Teck Resources held an inauguration ceremony last Friday to celebrate the recent start of operations at its new Carmen de Andacollo copper concentrator. It reached commercial production in October 2010 and has extended mine life by about 20 years, increased production capacity and created approximately 350 new jobs. The cost was approximately $440 million and the mine’s production for 2011 is expected to be approximately 65,000 t of copper in concentrate. In addition, 2011 production of copper cathode is expected to be some 7,000 t. Work is ongoing to optimise the mill circuit of the new plant to increase throughput.
“Carmen de Andacollo is a very important part of Teck,” said Don Lindsay, President and CEO of Teck. “This has been a very special day for the entire Teck team and this inauguration is the culmination of the efforts of hundreds of individuals over many years. It is a testimony to the outstanding contributions of our valued employees, who have worked in partnership with contractors, suppliers and government officials to make this project a success.”
Mines and Energy Minister Laurence Golborne and other government officials attended the event along with business partners, suppliers, community members, employees and other distinguished guests.
The development and construction of the current expansion at Carmen de Andacollo was approved in August 2006 and construction of the mine’s copper concentrator project was completed in late 2009, followed by commissioning and first production in February 2010. In October 2010, the mine achieved commercial production.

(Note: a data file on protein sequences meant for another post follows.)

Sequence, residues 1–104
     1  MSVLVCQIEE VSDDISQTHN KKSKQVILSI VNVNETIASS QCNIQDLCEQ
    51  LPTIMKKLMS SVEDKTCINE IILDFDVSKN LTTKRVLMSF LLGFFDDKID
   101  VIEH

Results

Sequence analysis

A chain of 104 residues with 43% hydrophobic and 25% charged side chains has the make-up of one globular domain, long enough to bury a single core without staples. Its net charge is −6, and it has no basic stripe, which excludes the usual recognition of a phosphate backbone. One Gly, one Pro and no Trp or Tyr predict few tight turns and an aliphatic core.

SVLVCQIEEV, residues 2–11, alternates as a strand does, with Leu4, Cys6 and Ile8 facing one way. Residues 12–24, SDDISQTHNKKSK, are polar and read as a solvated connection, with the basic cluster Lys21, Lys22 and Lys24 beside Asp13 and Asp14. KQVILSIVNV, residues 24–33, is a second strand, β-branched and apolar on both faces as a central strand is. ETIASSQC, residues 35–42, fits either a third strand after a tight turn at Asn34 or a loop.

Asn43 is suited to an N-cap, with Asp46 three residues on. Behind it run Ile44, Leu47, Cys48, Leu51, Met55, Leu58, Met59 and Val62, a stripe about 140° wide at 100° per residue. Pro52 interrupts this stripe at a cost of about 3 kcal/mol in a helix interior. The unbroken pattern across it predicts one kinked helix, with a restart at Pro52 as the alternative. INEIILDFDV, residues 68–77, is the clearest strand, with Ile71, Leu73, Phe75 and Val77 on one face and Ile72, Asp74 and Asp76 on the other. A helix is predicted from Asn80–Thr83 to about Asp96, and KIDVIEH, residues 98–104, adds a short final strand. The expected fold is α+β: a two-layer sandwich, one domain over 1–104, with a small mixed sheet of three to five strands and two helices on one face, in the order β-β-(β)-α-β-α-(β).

Teck is also examining the feasibility of adding an additional SAG mill, ball mill, and other associated plant and equipment aimed at increasing annual production at Carmen de Andacollo to approximately 100,000 to 120,000 t of copper in concentrate. The study will include drilling to confirm additional ore reserves and will address key issues including permitting requirements. The study is expected to be complete by the end of the fourth quarter of 2011.
“As we work to optimise the new concentrator we will look at ways to increase production even further at Carmen de Andacollo with the goal of adding new production and jobs to the mine,” said Lindsay. “There is potential to convert resources to reserves and the study will determine the feasibility of expansion from a technical, economic and permitting perspective.”
Teck is also actively engaged in various projects to expand capacity and increase the working lives of our major copper mines and to develop new copper projects. In Chile, Teck is undertaking a feasibility study, expected to be complete in early 2012, to expand its Quebrada Blanca mine by developing production from the hypogene resource that underlies the supergene deposit. Production is expected to be some 200,000 t/y of copper contained in concentrate plus approximately 5,100 t/y of molybdenum in concentrate over an estimated mine life of approximately 30 years. Assuming a positive feasibility study and a decision to undertake project development, production from the concentrator could commence in 2016.
Also in Chile, the undeveloped greenfields deposit at Relincho is under study and has the potential to become a major copper-producing asset. The prefeasibility study is expected to be completed in the third quarter of 2011. Relincho has the potential to produce approximately 190,000 t/y of copper in concentrate and 7,000 t/y of molybdenum in concentrate over an estimated mine life of over 20 years.
Carmen de Andacollo is an open-pit mining operation located in central Chile, adjacent to the town of Andacollo, approximately 55 km southeast of La Serena and 350 km north of Santiago. Teck has a 90% interest in the mine, with ENAMI holding the remaining 10%. The operation now produces copper in concentrates from the hypogene portion of the orebody and is winding down its copper cathode production from the supergene portion of the orebody. Carmen de Andacollo is one of two mines Teck currently operates in Chile. The second mine, Quebrada Blanca, is located in the Tarapaca region. Together, these mines produce more than 150,000 t/y of copper and employ over 1,500 people in these regions of the country.